One of my clients is a cardiac nurse who developed atrial fibrillation, an abnormal heart rhythm sometimes associated with dizziness, palpitations, chest pain, lack of energy, and fainting. The main causes in her case were the stresses related to her job and personal life. She turned to me to learn how she could stop the atrial fibrillation and overcome the constant fatigue and fear that the fibrillation would continue to recur. I saw intuitively that her heart was under a lot of stress and that it was fibrillating to try to get her to understand that she needed more rest and better nutrition.
I could tell she was living in a great deal more fear about her heart than she was saying. Her stress, her fatigue, and her fear were constantly sending messages to her genes via messenger molecules in her body, and the result was atrial fibrillation. I counseled with her about proper nutrition and supplements that could nourish her cells and help her sleep better. I also suggested that she decrease her exercise routine so her body would get enough rest to repair itself.
The bottom line was that she needed to jumpstart the healing process by forgiving herself for the stresses she brought into her body. When there is coherence in the heart, such as when forgiveness clears emotions, there is more clarity in the mind. This coherence creates openness—in her case, an open doorway to creating changes in her life, such as slowing down, that would allow the natural flow of health. Each of us has a natural flow that we recognize as a feeling of ease and peace as we move along in our lives. When this natural flow is unimpeded, certain hormones and neurotransmitters, such as endorphins, signal, or turn on, genes that support health—and stress hormones decrease.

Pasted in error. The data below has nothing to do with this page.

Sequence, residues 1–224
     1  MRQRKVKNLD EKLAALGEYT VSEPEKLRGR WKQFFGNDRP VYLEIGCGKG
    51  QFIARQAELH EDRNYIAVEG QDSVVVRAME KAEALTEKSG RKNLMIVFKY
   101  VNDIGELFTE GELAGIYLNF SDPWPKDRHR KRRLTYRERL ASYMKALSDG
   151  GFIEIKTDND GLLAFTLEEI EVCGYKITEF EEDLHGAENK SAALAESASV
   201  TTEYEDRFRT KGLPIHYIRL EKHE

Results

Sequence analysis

Candace Pert, Ph.D., wrote extensively about what she called the “molecules of emotion” in her book of the same title; these are molecules that are transmitted by the brain and nervous system and correlate to our thoughts and emotions. The membranes of our cells are constantly reading and reacting to these signals. Our cells then send intracellular signals to our genes, which then generate different proteins accordingly.
In working with the client mentioned above, part of my job was to instruct her how to take better care of her body so that she could reduce her stress levels and send health-promoting messages to her genes. By eating better foods and taking certain nutritional supplements, she would support her body, and by not exercising so strenuously, she would stop the extra stress on her heart. She was the type of person who wanted always to get right in the middle of whatever action was taking place, but she didn’t realize the stress it caused her. She needed to see that she could delegate some of her responsibilities to others, and she needed to forgive herself for the past patterns of overwork and overreaction that had stressed her, so that she could move on to a new way of living that was healthier for her body.
She did a lot of forgiveness work, and after several months of working together, I could see that it was paying off. Each week, I saw improvement. She took my suggestion to take the supplement magnesium, which helps the heart relaxation cycle. She also learned to delegate certain jobs instead of doing all the busy work. We work together, every two to three weeks now, instead of once or twice a week, and now her heart is in rhythm.
The work you do for yourself—whether it’s managing your stress, keeping a nutritive diet, engaging in forgiveness of self and others, or using any other healing modality—sets up your personal environment, which delivers signals to your cells. Two of the modalities I work with regularly, forgiveness and healing energy, send positive signals to the cells, which then deliver these signals to chromosomes that accordingly influence regulatory proteins and affect genes in a positive way.